Sheffield Telegraph’s Ian Soutar talks to veteran cinemagoers Clifford Shaw and Tinge Krishnan...

Dr Clifford Shaw Showroom cinema
Dr Clifford Shaw Showroom cinema

In fact Dr Clifford Shaw could well have seen more films than anyone else in Sheffield since he has been cinemagoing from the days of silent cinema to the age of the multiplex.

Not that Sheffield’s former Medical Officer of Health sees this as anything special and a request to calculate just how many films he may have seen in his time is firmly rebuffed as “rather pointless”

He adds: “I don’t think there is any great merit in claiming to have seen a large number of films and in fact there might be a de-merit when one considers some of the things one has gone to see.”

But he has no doubts of the quality of the four films he has chosen in French costume classic Les Enfants Du Paradis, Ninotchka starring Greta Garbo, screwball comedy You Can’t Take It With You and Vietnam war drama The Deer Hunter.

“Two of them were made in the late Thirties, one in the Forties and the other in the late Seventies. That is not to suggest he is marooned in the past for at the age of 92 he remains an avid filmgoer with a catholic taste. With a season ticket at Cineworld you are as likely to see him watching a Hollywood teen movie as the recent Korean season at the Showroom.

Reluctant to pick a recent favourite, he says: “The number of really good films in any one year is probably eight or nine.” When pressed he allows: “The King’s Speech was an excellent film.”

As to where it all started, he says: “It was 1928 when I was nine or 10 I got in the habit of going to the cinema and that was the last year of the silent era. I thought I could remember in some detail the coming of the talkies and yet when I looked up newspapers of the day my memory was not that accurate.” It certainly is in other respects.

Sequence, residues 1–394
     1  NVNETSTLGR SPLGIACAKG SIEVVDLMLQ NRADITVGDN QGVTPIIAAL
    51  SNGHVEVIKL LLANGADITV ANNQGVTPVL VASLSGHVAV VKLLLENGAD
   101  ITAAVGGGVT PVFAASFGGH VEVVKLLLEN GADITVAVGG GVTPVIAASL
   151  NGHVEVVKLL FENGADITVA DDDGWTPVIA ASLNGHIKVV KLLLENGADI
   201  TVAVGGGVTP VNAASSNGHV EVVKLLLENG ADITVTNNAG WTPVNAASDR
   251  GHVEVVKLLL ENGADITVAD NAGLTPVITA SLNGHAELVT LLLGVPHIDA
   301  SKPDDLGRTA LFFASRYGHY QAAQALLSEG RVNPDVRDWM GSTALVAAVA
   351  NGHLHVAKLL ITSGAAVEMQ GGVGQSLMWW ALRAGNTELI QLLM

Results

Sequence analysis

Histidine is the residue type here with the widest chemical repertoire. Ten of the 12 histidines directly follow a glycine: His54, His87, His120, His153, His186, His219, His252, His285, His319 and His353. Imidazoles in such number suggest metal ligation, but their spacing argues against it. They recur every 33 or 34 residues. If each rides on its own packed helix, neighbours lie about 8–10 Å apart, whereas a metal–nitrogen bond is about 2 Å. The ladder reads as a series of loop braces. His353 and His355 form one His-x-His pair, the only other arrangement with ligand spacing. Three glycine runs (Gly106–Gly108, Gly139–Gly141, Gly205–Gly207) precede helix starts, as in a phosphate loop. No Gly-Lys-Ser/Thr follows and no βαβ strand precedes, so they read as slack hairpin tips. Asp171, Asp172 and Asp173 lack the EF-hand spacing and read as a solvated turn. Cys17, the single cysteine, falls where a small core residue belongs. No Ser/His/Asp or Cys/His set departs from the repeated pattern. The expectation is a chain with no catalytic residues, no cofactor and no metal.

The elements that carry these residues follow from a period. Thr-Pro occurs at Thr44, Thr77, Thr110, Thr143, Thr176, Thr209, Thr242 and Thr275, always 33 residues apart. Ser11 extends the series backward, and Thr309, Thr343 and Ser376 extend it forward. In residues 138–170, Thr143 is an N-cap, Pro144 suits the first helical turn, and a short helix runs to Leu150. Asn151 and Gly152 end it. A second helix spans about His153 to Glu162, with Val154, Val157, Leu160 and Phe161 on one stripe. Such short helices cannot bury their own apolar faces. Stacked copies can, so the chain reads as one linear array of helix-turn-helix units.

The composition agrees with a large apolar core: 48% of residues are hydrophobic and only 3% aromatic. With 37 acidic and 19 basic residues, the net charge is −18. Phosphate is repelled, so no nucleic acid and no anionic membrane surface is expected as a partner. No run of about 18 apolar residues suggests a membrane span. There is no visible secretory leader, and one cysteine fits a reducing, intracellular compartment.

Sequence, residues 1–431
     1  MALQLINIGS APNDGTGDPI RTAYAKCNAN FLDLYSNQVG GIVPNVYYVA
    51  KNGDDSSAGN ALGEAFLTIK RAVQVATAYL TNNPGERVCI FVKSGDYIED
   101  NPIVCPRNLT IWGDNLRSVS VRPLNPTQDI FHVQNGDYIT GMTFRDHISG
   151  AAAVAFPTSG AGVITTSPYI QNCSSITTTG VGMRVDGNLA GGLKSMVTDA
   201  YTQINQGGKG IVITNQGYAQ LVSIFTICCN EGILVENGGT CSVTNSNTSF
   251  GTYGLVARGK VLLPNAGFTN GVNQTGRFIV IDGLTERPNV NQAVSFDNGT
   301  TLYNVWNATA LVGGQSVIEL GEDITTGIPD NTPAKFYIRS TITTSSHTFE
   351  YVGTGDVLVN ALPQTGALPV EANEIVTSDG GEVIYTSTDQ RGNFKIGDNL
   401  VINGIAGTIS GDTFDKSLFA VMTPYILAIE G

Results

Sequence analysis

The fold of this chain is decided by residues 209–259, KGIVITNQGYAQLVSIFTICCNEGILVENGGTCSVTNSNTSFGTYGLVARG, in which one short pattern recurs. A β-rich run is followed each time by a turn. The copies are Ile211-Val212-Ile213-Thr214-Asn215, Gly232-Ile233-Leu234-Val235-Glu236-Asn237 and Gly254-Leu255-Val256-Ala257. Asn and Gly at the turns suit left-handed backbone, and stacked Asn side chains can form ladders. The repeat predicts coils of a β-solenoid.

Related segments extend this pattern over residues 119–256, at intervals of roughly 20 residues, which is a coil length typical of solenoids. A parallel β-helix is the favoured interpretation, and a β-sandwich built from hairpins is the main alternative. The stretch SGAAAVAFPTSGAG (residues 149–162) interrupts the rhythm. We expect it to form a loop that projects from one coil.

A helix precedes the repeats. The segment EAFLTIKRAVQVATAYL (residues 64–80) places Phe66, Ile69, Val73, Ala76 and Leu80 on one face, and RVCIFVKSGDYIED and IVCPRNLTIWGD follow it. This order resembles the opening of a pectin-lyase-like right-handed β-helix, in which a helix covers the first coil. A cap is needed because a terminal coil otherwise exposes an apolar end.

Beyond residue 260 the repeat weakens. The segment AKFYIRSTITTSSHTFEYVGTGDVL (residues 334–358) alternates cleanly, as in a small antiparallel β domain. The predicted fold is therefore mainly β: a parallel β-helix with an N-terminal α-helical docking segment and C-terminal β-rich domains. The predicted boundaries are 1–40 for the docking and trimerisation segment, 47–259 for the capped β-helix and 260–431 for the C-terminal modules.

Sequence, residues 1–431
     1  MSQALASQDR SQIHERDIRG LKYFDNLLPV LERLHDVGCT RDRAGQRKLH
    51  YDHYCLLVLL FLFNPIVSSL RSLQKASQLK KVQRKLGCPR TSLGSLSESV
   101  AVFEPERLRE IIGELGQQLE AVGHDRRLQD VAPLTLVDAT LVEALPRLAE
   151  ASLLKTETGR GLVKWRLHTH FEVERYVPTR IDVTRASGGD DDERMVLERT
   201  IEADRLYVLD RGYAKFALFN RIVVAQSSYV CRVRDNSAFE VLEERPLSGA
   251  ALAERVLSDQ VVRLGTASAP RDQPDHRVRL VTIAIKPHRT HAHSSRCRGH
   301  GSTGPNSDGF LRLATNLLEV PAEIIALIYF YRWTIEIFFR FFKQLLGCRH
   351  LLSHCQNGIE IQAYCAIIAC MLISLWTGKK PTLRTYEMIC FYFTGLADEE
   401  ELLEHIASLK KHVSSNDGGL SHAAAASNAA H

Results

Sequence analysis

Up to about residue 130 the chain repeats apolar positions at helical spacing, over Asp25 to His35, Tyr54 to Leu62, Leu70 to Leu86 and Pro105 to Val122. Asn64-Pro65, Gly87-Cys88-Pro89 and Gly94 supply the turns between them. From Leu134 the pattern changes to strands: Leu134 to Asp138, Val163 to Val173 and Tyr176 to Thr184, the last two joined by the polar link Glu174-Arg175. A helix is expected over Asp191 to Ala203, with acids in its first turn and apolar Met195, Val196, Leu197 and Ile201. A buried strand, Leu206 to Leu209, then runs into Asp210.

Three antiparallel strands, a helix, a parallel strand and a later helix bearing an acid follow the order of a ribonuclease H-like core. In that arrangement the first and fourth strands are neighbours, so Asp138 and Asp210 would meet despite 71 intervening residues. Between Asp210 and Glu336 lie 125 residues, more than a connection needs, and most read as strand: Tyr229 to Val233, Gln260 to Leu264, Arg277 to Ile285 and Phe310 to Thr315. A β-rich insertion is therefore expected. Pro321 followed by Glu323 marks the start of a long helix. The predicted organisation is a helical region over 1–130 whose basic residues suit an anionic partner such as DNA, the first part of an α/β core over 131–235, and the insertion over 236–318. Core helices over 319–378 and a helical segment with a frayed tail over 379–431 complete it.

He certainly remembers his first talkie, “Except the first reel was silent, but it was called The Glad Rag Doll and starred Dolores Costello. She was not someone who went on to have much of a career,” he says dryly.

For a small boy, the experience of hearing sound for the first time must have been astonishing.

“Well by then I had already seen a sound newsreel. My parents had taken me to a variety bill at the Colisseum and this included Movietone News in sound. It was the novelty of the day. My father seldom went to films so I either went on my own or sometimes with my mother.”

It was a sign of the times perhaps that he had the freedom as a small boy to go off on his own on his bike to cinemas in the suburbs of North London where he grew up.

So began a lifelong passion, continued wherever he happened to be. In wartime London it was during the daytime rather than the evening (“I remember walking through the city at night with my tin hat on and finding all the cinemas closed”) and he arranged film shows in West Africa where he was posted after qualifying as a doctor.

He has a record of all the films he saw because he kept a diary - “as one is able to do when one is young” - although once his professional life became more demanding this tailed off.

After the War he worked in London, Ipswich, Rotherham and Nottingham before arriving in Sheffield in 1956 originally as deputy medical officer of health, taking over as chief in 1965. “Having an office next door to the Gaumont was very convenient. I could do a bit of work in the early evening and then go and see a film.”

Retirement in 1984 brought a new aspect to his love of cinema after joining the newly formed Sheffield Cinema Society which resulted in him compiling a history of the city’s picture houses. “I hadn’t really thought that much about the structures of cinemas, still less their histories,” he admits.

But he found himself appointed to the committee in 1991 and soon assumed responsibility for editing the newsletter and has done so for the past 20 years.

He set about overseeing the compiling of a history of all the cinemas in the city and uncovered some fascinating stories about such pioneers as Jasper Redfearn and Len Shaw (“no relation”). The ABC of the Cinemas of Sheffield has become the standard reference work on the subject.

It is tempting to say that he probably knows more about the history of Sheffield’s cinemas than anyone else, except that Dr Shaw would not approve.

Les Enfants du Paradis will be screened on Sunday and then the other three films on Thursdays through December, each with an introduction by Dr Shaw. “I am hoping there will be enough interest in them for other people to be invited to select their films,” he says.